Dismiss Notice
Join Physics Forums Today!
The friendliest, high quality science and math community on the planet! Everyone who loves science is here!

Argument of the Perihelion

  1. Jul 4, 2008 #1
    I have seen conflicting values for the angle where the Argument of the Perihelion of the Earth or where the Winter Solstice(Dec 21) strikes. This is where the ellipse value of the True Anomaly is zero. The two values are: w=114.20783 @J2000 or w=282.9404*4.70935e-5*d where d is a formula encompassing the Julian Date. These values have different Longitude of the Ascending Node by that is just where all the planets are referenced at and does not change the Argument of the Perihelion. My question is: which is the correct Argument of the Perihelion of the Earth?
  2. jcsd
  3. Jul 6, 2008 #2


    User Avatar
    Science Advisor
    Gold Member

    Normally, orbital elements are given with respect to the ecliptic plane. Argument of perihelion is the amount of degrees that seperates the longitude of perihelion from the longitude of the ascending node. But Earth's orbit by definition has no inclination since Earth's orbit defines the ecliptic. Therefore, it has no ascending node.

    In reality, Earth does have a little bit of inclination since inclination is an oscillating orbital element, we can only define it at 0 for an instant in time, which was Jan 1, 2000. Although it has drifted a small amount since then, it is still effectively 0, meaning that the ascending node is weakly defined, and can rapidly change.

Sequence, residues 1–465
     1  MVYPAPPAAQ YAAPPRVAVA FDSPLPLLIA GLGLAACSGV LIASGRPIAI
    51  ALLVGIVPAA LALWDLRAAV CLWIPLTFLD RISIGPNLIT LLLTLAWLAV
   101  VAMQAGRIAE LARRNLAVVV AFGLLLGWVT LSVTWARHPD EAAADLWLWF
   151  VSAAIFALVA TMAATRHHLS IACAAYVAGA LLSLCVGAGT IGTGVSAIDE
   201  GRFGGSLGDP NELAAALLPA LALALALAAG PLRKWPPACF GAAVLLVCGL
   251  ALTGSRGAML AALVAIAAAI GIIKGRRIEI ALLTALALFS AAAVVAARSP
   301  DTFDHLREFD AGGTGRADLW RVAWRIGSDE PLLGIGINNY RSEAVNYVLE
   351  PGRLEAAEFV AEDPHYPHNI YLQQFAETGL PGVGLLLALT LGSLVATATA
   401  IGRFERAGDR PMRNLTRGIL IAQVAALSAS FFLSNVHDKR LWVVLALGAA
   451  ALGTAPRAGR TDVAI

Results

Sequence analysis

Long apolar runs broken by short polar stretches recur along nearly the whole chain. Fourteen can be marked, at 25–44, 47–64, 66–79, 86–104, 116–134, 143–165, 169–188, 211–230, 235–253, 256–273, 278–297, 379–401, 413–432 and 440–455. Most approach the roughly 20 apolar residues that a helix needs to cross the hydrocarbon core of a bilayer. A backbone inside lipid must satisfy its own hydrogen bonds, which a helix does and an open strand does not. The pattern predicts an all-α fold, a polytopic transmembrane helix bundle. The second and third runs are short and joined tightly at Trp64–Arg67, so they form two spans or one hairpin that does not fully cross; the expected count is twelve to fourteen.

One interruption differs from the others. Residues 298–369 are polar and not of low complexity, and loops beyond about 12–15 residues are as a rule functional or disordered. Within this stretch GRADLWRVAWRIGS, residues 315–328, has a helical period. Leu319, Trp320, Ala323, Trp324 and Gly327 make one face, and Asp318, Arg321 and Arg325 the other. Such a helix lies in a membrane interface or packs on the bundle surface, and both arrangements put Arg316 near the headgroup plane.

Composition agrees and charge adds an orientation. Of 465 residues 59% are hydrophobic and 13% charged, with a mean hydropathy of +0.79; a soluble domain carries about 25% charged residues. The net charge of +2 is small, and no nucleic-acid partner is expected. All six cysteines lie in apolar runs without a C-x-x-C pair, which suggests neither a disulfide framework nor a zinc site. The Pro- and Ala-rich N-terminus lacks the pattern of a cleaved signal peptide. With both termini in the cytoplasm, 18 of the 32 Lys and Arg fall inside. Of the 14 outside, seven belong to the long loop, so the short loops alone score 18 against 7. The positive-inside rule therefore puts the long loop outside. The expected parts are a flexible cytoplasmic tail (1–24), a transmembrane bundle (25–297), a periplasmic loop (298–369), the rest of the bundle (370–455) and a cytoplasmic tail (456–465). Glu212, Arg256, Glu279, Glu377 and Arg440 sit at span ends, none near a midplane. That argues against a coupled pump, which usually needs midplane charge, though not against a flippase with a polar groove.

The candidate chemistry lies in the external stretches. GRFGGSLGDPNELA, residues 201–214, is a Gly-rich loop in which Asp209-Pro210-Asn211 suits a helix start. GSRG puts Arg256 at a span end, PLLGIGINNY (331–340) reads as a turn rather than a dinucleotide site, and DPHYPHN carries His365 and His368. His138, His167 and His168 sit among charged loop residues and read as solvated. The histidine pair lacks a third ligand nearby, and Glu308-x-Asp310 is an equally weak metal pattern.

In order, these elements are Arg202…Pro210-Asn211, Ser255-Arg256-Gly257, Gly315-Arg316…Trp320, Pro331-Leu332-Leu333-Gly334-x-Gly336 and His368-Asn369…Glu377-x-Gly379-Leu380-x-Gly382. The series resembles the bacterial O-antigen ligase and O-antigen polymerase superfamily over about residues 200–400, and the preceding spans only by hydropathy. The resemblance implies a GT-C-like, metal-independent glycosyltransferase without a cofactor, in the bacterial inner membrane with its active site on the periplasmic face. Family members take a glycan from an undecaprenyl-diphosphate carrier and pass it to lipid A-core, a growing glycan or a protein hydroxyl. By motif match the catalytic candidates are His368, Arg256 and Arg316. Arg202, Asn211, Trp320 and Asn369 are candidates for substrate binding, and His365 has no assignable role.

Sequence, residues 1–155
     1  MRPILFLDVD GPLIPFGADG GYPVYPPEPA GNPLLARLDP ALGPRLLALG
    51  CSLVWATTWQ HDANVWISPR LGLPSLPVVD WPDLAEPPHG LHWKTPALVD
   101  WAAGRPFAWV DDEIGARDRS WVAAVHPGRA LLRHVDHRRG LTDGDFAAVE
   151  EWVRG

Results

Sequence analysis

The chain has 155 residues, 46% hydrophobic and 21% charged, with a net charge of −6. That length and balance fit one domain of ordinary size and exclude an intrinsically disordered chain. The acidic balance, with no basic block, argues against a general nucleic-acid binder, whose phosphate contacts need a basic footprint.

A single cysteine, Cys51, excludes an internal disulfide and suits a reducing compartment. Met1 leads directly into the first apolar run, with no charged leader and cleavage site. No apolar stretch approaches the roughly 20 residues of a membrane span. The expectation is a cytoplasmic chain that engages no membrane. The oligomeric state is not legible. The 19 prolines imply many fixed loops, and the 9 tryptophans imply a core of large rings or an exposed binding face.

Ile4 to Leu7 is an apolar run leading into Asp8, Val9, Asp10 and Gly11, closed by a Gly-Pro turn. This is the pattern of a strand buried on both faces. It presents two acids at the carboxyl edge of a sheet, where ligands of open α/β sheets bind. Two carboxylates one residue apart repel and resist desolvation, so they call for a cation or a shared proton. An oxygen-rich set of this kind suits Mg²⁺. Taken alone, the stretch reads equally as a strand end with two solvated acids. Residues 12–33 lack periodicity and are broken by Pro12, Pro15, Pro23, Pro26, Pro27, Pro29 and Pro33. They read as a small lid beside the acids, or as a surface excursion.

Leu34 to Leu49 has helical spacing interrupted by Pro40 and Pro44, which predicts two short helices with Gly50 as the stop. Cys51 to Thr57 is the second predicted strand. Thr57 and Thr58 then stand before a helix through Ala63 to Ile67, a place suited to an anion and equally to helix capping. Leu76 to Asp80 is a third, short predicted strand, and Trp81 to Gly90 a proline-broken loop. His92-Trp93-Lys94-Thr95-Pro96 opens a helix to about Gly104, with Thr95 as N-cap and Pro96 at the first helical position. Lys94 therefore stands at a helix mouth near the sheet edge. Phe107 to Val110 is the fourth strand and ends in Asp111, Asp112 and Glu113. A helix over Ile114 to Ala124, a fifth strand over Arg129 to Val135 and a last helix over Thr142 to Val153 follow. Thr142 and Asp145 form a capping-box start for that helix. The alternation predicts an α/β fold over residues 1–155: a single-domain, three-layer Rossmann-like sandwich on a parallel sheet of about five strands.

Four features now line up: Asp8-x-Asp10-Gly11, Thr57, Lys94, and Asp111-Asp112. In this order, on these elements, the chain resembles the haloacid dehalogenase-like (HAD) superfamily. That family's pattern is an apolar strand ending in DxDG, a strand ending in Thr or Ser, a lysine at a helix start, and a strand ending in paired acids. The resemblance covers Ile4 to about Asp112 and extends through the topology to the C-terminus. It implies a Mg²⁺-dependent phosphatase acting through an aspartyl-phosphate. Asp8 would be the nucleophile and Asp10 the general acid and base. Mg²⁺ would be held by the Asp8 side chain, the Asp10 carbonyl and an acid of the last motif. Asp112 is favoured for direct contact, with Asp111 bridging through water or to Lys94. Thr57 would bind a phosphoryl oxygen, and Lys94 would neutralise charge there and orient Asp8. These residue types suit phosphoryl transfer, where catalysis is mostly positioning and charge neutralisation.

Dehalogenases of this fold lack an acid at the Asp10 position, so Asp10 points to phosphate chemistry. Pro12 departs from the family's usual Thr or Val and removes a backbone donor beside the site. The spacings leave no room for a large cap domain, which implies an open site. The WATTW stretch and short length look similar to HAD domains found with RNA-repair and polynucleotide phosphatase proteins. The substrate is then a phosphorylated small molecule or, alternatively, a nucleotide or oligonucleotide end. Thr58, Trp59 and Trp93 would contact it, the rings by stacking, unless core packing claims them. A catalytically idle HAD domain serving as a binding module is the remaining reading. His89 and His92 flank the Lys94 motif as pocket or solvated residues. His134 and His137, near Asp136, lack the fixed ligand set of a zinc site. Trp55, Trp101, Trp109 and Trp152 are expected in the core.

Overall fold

Winter solstice has nothing to do with perihelion. It's when Earth's tilt is directed away from the Sun from the Northern hemisphere.
  4. Jul 6, 2008 #3

    D H

    User Avatar
    Staff Emeritus
    Science Advisor

    The winter solstice does not occur at perihelion, and neither value is constant. The Earth's axial tilt changes largely because of lunisolar precession. The time between solstice and perihelion passage changes because of anomalistic precession.

    Note that longitude of ascending node is not a particularly well-defined concept for the Earth's orbit, and hence neither is the argument of perihelion particularly well-defined. Astronomers prefer to use longitude of perihelion when describing the Earth's orbit.

    A couple preliminary questions: Where did you get these values? Are you sure you are interpreting them correctly? Regarding your values: One value is specific to a particular epoch and to that epoch only. The other is a more general expression that represents the time variability as a linear function of time. Both might well be correct; post your sources.
Share this great discussion with others via Reddit, Google+, Twitter, or Facebook